American Society of Magazine Editors

Top Magazine Execs Focus on Retail Channel

By Karlene Lukovitz

Top executives affirmed the critical importance of the retail channel for magazine media, and offered their views on how publishers, retailers and other channel partners can stem sales declines and maximize the category's performance and profitability.

The panelists: David Carey, president of Hearst Magazines; Stephen M. Lacy, chairman of the board and CEO of Meredith Corp.; David Carey, president of Hearst Magazines; Bob Sauerberg, president of Condé Nast; and Efrem "Skip" Zimbalist III, chairman and CEO of Active Interest Media (AIM). Moderator (center in photo above): Samir Husni, professor and director of the Magazine Innovation Center at the University of Mississippi's School of Journalism.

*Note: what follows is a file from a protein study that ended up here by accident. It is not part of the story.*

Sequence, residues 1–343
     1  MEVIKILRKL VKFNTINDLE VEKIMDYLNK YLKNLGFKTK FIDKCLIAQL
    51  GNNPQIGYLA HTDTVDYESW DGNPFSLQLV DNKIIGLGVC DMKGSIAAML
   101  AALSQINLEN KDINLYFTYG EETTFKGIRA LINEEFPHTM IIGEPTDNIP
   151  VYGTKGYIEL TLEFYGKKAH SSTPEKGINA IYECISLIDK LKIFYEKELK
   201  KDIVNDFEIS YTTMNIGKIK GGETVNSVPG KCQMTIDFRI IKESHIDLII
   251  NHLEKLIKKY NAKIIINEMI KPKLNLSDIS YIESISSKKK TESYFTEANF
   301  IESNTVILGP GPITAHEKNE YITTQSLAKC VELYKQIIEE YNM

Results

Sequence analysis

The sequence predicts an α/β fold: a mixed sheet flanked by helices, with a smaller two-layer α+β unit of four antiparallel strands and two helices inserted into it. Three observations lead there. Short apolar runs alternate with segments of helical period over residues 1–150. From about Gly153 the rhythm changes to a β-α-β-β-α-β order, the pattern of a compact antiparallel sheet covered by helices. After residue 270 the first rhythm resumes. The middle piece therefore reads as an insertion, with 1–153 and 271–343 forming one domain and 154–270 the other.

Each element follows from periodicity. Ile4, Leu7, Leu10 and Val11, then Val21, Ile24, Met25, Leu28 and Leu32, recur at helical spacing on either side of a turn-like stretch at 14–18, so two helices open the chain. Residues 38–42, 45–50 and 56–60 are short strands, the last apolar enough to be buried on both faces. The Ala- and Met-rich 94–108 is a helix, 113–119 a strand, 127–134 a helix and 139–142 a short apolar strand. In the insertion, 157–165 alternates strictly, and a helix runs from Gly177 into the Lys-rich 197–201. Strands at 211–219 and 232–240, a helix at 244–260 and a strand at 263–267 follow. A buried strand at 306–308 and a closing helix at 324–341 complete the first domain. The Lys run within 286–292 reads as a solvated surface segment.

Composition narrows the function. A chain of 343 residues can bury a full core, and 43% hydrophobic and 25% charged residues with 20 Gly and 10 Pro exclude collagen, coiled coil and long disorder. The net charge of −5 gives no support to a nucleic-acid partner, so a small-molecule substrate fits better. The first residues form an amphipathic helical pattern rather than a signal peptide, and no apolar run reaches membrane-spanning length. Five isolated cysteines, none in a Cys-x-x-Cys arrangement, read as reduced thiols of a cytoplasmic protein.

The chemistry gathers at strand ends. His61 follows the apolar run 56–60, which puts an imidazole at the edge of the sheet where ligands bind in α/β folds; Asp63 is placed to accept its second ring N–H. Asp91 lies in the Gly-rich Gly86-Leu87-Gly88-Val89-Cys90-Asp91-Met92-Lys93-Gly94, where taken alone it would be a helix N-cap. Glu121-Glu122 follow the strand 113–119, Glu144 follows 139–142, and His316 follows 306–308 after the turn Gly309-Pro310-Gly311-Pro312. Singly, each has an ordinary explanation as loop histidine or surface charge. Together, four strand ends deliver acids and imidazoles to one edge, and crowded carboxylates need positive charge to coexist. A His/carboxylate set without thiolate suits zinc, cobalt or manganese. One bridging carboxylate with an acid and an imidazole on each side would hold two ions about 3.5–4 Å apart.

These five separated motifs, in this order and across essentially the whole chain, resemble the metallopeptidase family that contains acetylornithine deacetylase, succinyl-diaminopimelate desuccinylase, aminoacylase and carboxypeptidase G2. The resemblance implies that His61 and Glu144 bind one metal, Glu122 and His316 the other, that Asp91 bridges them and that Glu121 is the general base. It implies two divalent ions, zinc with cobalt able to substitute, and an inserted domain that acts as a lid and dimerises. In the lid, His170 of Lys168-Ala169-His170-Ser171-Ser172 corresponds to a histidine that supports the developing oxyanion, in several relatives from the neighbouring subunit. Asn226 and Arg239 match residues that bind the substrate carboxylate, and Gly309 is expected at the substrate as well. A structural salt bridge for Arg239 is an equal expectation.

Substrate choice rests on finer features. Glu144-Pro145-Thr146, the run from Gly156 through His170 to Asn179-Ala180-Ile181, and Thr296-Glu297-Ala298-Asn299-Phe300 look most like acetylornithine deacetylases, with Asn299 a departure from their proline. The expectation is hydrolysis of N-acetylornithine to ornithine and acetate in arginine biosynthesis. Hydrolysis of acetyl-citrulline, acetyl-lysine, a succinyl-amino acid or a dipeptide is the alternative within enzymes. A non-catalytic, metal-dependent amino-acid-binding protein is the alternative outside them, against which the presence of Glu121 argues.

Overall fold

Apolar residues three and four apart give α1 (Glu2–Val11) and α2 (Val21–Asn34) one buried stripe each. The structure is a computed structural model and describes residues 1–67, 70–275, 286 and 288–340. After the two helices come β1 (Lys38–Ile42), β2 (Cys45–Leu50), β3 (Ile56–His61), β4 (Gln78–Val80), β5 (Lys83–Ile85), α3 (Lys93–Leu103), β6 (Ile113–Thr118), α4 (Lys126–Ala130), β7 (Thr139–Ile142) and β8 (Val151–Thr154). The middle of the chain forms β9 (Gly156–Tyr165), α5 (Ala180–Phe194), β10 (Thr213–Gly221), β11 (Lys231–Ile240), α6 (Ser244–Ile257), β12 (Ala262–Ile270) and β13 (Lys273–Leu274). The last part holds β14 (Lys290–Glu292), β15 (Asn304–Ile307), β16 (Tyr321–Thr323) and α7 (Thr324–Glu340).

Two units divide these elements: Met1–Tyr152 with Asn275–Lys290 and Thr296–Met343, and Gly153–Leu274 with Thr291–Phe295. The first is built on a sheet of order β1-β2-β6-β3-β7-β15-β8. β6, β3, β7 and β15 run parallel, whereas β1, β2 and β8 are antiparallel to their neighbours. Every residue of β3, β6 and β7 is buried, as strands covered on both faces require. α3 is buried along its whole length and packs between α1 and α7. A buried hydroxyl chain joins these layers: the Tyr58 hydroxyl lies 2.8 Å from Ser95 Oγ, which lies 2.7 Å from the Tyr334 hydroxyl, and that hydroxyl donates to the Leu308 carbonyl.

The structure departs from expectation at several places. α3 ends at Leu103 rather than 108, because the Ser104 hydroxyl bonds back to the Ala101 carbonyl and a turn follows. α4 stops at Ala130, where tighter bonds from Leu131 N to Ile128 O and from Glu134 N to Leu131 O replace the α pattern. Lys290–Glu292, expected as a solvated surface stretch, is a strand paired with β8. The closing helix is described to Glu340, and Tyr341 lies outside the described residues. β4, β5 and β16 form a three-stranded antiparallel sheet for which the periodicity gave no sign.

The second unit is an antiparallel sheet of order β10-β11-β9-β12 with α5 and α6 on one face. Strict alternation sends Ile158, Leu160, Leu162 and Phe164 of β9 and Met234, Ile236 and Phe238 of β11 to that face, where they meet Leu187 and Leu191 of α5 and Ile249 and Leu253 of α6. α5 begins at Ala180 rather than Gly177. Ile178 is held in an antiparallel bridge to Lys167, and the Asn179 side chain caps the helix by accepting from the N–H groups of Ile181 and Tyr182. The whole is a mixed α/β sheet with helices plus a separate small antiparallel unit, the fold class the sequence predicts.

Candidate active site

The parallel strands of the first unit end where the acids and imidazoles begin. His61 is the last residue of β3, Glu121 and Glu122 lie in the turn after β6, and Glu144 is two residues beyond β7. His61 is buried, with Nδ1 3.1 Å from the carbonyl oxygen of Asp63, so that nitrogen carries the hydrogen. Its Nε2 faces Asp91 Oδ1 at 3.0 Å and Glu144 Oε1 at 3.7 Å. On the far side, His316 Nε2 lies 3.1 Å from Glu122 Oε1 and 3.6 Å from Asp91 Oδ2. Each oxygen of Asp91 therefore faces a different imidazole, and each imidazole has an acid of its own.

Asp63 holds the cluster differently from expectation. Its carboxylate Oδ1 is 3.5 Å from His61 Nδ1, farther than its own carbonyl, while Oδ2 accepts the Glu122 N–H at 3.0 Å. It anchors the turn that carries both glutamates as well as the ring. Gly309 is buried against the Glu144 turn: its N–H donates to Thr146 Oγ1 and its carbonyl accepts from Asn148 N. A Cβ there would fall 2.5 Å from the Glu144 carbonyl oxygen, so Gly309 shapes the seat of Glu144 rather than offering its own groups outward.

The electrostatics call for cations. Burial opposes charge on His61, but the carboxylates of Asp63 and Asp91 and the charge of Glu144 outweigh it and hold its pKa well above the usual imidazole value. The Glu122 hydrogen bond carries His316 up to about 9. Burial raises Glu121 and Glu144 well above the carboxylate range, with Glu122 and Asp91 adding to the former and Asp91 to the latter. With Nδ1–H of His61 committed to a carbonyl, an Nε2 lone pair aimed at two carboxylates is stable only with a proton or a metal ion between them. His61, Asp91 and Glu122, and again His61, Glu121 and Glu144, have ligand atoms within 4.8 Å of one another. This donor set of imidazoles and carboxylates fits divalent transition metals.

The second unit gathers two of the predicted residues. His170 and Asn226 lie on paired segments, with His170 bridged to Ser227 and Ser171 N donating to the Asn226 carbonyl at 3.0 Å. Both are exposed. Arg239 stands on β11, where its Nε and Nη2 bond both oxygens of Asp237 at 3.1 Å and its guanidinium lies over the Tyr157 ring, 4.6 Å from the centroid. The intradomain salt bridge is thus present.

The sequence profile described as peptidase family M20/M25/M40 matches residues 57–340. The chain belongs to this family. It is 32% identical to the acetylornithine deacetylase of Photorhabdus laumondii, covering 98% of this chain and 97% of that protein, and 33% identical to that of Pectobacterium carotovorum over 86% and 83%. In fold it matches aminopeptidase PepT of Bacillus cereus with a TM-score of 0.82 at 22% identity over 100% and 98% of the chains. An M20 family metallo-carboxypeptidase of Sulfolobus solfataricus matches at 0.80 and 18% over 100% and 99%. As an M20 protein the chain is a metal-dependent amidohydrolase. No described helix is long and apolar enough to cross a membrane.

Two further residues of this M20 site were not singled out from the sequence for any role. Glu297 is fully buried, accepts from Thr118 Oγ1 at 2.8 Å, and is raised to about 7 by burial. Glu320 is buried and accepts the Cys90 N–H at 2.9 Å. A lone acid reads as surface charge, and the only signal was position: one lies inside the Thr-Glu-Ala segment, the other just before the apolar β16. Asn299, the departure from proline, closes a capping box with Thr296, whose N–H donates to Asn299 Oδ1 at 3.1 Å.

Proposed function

Assessing Trends Going Forward

Asked if the magazine sales declines that commenced with the recession in 2008  will level off going forward, Hearst's Carey noted that the category has faced several simultaneous issues, including a decline in the frequency of consumer grocery trips as a result of the recession; the "mobile blinder" syndrome (wherein consumers use their mobile devices rather than notice products displayed at checkouts); and the declining draw of most film stars as cover subjects.

"I think there's an opportunity to address each one, but it's not so easy," he said. "Hopefully, the improved economy will translate into increased visits to stores," and the magazine category needs to work with the retail community to find a solution to the mobile blinder factor. "We have to co-opt that experience at the front of the store" with magazine content and promotional innovations that employ digital and mobile technology, he said.